Lebanon prioritises bread production as Ukraine crisis threatens grain supplies

Lebanon prioritises bread production as Ukraine crisis threatens grain supplies
In the grip of its own snowballing crises, Lebanon’s food supplies are increasingly threatened by war in Ukraine hitting grain imports
2 min read
06 March, 2022
A protracted conflict in Ukraine could have perilous consequences for food security across the Middle East [Getty]

Lebanon has announced rationing measures that limit grain usage to maintaining bread supplies going in the country, as the Russian invasion of Ukraine continues to affect food supplies across the Middle East

"We will only be using wheat for the production of bread until we can ensure alternative sources of grain imports from Canada and others," Minister for Industry George Bouchkian tweeted on Saturday.

On Friday, Prime Minister Najib Mekati called for "stringent measures to ensure that Lebanon does not fall into a food crisis", during a parliamentary session.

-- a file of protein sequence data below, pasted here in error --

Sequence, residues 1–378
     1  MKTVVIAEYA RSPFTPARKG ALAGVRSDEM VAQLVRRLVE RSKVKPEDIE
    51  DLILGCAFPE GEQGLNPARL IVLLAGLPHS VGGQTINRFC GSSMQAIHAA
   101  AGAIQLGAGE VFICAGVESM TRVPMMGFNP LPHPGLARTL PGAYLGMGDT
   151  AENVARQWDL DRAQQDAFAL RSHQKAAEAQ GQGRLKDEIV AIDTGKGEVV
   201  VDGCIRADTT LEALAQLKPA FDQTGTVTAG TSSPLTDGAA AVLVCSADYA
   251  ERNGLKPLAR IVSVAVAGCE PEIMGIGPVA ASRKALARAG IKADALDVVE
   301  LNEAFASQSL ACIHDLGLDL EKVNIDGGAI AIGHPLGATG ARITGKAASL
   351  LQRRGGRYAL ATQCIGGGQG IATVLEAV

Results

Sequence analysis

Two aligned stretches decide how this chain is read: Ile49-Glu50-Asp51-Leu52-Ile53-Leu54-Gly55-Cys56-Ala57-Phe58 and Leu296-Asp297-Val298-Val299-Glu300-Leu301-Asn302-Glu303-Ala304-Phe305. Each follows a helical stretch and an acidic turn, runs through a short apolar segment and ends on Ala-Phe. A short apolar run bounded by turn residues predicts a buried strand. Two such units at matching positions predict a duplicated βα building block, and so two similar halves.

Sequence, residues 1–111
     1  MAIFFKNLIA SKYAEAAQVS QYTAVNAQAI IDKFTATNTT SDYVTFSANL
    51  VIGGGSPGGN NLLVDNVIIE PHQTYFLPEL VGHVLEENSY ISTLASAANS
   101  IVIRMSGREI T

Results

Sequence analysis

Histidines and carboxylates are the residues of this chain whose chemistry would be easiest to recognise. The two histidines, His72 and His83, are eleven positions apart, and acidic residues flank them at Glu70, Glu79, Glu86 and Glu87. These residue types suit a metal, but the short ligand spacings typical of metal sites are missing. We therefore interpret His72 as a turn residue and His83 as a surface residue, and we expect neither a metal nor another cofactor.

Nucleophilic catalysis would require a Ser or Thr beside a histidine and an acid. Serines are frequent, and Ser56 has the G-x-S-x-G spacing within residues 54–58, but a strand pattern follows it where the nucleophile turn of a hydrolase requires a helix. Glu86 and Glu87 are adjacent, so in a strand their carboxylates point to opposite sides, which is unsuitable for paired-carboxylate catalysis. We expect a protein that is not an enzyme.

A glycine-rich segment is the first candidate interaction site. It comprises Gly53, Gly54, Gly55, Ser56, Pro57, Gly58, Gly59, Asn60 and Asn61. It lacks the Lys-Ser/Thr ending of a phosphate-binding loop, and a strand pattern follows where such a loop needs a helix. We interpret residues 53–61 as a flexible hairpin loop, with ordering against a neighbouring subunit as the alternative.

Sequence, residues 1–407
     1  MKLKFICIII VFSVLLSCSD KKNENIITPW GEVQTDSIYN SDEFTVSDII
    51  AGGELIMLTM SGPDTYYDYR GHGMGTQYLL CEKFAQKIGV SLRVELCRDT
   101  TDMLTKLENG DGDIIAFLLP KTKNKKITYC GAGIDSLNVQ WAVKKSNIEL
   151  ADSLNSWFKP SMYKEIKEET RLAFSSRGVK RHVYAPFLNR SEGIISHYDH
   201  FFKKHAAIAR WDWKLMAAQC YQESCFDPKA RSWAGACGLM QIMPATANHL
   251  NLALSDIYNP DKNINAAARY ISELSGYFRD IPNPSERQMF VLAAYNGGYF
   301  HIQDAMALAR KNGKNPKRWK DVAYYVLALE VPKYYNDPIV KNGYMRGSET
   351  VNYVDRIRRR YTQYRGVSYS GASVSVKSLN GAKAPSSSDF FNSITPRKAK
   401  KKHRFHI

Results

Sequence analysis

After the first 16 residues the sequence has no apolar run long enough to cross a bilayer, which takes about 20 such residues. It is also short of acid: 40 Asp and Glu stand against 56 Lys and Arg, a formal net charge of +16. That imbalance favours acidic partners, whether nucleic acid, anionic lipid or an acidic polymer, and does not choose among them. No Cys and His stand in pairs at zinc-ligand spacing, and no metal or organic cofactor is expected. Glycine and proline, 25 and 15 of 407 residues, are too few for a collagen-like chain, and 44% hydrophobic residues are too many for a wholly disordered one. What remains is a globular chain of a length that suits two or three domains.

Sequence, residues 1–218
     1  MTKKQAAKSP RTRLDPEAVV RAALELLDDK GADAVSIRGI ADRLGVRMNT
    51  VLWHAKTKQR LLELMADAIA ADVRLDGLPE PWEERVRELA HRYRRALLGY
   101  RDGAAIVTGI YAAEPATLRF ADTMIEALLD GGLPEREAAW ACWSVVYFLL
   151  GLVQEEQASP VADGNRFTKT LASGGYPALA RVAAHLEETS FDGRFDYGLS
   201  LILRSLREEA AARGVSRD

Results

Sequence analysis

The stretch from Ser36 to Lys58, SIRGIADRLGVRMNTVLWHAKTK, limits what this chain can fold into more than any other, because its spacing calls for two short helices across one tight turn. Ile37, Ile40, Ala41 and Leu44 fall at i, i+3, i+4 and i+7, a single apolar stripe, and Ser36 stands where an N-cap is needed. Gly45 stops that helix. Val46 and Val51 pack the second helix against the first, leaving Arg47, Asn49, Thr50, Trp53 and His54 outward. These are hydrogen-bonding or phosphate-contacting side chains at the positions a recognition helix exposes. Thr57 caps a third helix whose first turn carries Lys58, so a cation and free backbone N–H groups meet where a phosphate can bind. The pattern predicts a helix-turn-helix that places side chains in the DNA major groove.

The Lebanese Miller’s Union announced their agreement with the government position, attempting to ringfence the supply of Arabic bread, a staple of the Lebanese diet. 

"These measures are there to ensure that we can keep producing for as long as possible, until we can secure further wheat supplies," they added in a statement. 

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Minister of Economy Amin Salim has warned that Russia’s invasion of Ukraine is likely to cause long-term disruption to food supply chains. 

According to Salim, "between 50% and 60% of [Lebanon's] wheat imports come from either Ukraine or Russia," - amounting to between 40 and 50 thousand tons per year, distributed between 12 mills across Lebanon. 

However, the minister urged against panic buying, claiming that Lebanon has enough grain reserves to last 45 days, should supplies be interrupted. 

In normal times, Ukraine is one of the world’s major exporters of grains such as corn, rye, barley, and most importantly wheat.

Last year, the eastern European nation shipped nearly 20 million tonnes of wheat, making it one of the top exporters globally.

Other countries across the Middle East have implemented grain rationing measures, fearing a long road ahead for the Ukraine conflict that could greatly impact their ability to import the food they need.